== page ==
I have never thought of Shakira, Juanes and lesser-known artists as potential engines of Latin America’s economy, but newly released studies conclude that the region could grow more rapidly if it developed its so-called “creative industries.”
All of a sudden, major international institutions are sounding alarm bells about the fact that despite its wealth of talent in music, films, books, handcrafts, fashion designs, video-games and other creative activities, Latin America accounts for only 1.7 percent of the $646 billion in annual global exports of cultural goods and services, according to United Nations figures.
Even more troubling, the region has a huge deficit in its cultural trade balance: it imports $29 billion a year in cultural goods and services, and exports only $19 billion, the figures from the United Nations Conference on Trade and Development (UNCTAD) show.
“In Latin America, we’re sitting on a treasure, and we’re failing to take advantage of it,” says Ivan Duque, co-author of a new book entitled The Orange Economy, published by the Inter-American Development Bank.
Much of the problem is that neither artists nor governments in the region see culture as a potentially huge industry, or a big export opportunity. Most often, cultural activities are seen as an amenity.
It’s time to change that, taking advantage of the massive expansion of Latin America’s middle-class, and using cultural activities as a way to reduce youth unemployment and informal work in the region, the authors of the book say.
There are many examples of countries that are making the most of their culture industries.
Canada’s Cirque de Soleil employs more than 5,000 people and reports profits of $800 million a year; Brazil’s carnival in Rio de Janeiro draws more than 850,000 visitors a year, who spend about $828 million, and the Bogotá, Colombia, Ibero-American Theater Festival draws up to 3.9 million spectators, including 500,000 who go to theaters and 3 million who watch street performances, the authors say.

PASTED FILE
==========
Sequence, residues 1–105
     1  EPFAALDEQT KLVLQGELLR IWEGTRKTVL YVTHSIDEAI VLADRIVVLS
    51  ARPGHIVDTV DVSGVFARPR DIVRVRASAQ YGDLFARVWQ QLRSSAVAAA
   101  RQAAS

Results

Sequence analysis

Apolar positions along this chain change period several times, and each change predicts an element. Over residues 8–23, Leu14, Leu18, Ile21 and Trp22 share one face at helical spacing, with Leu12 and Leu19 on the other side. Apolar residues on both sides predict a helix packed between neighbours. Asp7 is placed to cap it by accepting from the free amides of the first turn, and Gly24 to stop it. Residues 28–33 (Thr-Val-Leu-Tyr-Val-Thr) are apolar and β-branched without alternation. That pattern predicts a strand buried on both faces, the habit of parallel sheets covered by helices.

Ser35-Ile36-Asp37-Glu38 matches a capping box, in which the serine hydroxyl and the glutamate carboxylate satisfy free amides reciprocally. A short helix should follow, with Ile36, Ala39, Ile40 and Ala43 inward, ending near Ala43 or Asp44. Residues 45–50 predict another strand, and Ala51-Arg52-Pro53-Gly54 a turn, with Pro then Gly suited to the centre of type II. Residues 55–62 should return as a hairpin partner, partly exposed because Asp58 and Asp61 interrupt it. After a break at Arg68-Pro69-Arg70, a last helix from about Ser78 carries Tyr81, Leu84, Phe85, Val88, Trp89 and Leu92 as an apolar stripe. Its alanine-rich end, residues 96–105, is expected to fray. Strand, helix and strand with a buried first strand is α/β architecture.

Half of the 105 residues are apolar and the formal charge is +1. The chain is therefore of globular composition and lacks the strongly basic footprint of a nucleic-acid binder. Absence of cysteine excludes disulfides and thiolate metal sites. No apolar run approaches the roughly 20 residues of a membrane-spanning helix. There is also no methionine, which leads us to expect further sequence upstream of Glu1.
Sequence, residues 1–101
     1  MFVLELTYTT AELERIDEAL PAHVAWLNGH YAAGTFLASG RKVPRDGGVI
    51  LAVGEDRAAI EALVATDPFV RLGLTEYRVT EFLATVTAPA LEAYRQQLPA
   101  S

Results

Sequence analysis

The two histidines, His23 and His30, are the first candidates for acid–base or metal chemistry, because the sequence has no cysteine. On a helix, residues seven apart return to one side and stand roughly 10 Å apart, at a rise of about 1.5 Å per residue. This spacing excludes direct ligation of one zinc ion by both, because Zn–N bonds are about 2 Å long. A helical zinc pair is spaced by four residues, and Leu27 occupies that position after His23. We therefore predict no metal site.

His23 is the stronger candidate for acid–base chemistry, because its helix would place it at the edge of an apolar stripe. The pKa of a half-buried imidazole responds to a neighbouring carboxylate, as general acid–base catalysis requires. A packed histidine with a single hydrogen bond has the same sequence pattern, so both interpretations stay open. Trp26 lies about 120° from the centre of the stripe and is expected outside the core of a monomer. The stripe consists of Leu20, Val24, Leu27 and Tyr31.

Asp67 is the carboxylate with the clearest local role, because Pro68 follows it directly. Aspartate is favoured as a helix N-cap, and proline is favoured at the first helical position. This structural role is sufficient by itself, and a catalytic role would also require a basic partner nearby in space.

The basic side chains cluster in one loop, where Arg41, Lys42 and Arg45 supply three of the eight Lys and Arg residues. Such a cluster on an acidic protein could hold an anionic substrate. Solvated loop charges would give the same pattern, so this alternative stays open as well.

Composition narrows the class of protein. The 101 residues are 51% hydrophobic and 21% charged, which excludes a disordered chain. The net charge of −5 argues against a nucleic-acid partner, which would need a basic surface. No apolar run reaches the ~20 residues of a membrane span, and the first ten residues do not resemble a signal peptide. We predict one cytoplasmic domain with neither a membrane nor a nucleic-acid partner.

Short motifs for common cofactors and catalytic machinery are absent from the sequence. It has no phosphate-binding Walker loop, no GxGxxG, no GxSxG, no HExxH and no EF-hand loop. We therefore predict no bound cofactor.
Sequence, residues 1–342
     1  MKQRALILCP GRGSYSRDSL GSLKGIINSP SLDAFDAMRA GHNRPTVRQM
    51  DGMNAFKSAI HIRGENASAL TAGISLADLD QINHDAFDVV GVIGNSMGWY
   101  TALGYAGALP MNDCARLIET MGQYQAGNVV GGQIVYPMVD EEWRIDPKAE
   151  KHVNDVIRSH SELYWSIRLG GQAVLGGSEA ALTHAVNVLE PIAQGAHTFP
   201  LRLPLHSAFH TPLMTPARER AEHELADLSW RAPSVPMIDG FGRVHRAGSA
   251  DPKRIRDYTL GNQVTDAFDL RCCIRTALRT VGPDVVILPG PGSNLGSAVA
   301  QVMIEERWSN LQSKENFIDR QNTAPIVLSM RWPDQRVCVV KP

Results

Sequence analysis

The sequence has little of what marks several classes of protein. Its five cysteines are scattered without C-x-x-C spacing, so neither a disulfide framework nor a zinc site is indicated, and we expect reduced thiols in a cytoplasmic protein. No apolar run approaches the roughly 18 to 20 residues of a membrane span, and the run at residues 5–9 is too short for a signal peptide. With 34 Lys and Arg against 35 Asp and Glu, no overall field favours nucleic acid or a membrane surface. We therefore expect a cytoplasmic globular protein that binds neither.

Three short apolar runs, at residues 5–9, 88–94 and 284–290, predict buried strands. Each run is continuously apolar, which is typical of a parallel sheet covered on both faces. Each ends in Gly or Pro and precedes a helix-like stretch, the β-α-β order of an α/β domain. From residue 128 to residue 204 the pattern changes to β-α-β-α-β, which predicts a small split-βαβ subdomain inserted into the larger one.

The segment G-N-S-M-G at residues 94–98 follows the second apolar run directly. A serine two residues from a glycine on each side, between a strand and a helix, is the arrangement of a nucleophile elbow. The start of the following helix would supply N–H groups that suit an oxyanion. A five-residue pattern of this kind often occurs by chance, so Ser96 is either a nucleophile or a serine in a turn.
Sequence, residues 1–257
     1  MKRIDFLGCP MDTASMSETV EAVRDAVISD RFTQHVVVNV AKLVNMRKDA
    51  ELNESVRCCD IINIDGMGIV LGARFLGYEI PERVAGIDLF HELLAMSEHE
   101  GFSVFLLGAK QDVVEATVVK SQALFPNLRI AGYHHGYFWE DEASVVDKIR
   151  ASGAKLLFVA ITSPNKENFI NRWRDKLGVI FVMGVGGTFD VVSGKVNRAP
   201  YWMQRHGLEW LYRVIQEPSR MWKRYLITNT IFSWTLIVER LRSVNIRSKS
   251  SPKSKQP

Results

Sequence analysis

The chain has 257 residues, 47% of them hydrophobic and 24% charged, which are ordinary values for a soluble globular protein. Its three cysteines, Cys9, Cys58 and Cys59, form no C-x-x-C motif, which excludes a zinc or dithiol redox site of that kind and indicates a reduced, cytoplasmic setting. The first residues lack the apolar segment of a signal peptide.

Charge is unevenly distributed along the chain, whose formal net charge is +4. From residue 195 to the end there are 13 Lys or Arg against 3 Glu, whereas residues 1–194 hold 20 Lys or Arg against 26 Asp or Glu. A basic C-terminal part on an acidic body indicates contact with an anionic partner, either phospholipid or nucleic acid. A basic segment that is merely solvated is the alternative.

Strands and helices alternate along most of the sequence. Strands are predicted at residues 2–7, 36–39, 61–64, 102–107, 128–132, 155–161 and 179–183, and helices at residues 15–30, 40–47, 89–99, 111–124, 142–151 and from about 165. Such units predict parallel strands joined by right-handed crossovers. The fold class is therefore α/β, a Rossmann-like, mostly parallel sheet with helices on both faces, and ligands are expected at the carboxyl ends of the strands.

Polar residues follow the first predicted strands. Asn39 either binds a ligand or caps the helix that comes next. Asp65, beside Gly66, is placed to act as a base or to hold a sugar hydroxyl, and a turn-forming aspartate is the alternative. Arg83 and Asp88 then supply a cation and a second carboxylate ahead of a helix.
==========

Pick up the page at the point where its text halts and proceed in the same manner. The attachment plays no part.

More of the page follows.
Asked what can countries do to start exporting their cultural goods and services, Duque and his co-author Felipe Buitrago told me that Latin American countries urgently need to export more cultural services to their own neighbors.
Right now, the 63 percent of the region’s cultural exports go to the United States and Europe, only 34 percent go to other Latin American countries, and the remaining 3 percent go to Asia and Africa, according to UNCTAD and IADB figures.
“We need a cultural free trade deal within the region, to make it easier to move artists and contents within Latin America,” Buitrago told me. “We should give cultural contents a multi-national status, so that a Colombian movie is considered a Latin American product, and can be seen throughout the region.”
That’s not happening right now, the books’ authors say. Unless a movie is distributed by a major U.S. or European company, it’s very hard for an Argentine movie, for instance, to be exhibited elsewhere in the region.
In addition, Latin American countries should elevate the status of the arts in their school programs, much like they do in the United Kingdom, the authors said. In Britain, school curricula place as much emphasis on the arts as on math or science, they said.
Another new study, the “2013 Creative Economy Report” by the U.N. Development Programme, cites the work of economists such as Richard Florida, who have written about the cultural industries’ wider impact as a magnet for young professionals and entrepreneurs who help make major cities more competitive and innovative.
The UNDP report says that the city of Buenos Aires has become “a global reference point” for its creative industries development.
In Buenos Aires, the creative sector has been growing by more than 5 percent a year, totaling 73 percent in 2004-2010, it says. The most impressive growth has been in the audio-visual sector, where the city established an Audio-Visual District and gave audio-visual companies the same benefits as those enjoyed by the manufacturing sector, it says.
My opinion: While I strongly believe that Latin American countries should put a greater focus on graduating scientists and engineers than circus performers or singers — all countries in the region together are producing less than 10 percent of the international patents registered just by South Korea — there is a huge pool of artistic talent in Latin America that should be promoted and exported.
It’s great that people are starting to pay attention to Latin America’s creative industries, so that the region can increase its pitiful 1.7 percent of the global trade in cultural goods and services, and so we can all enjoy more of its cultural wealth.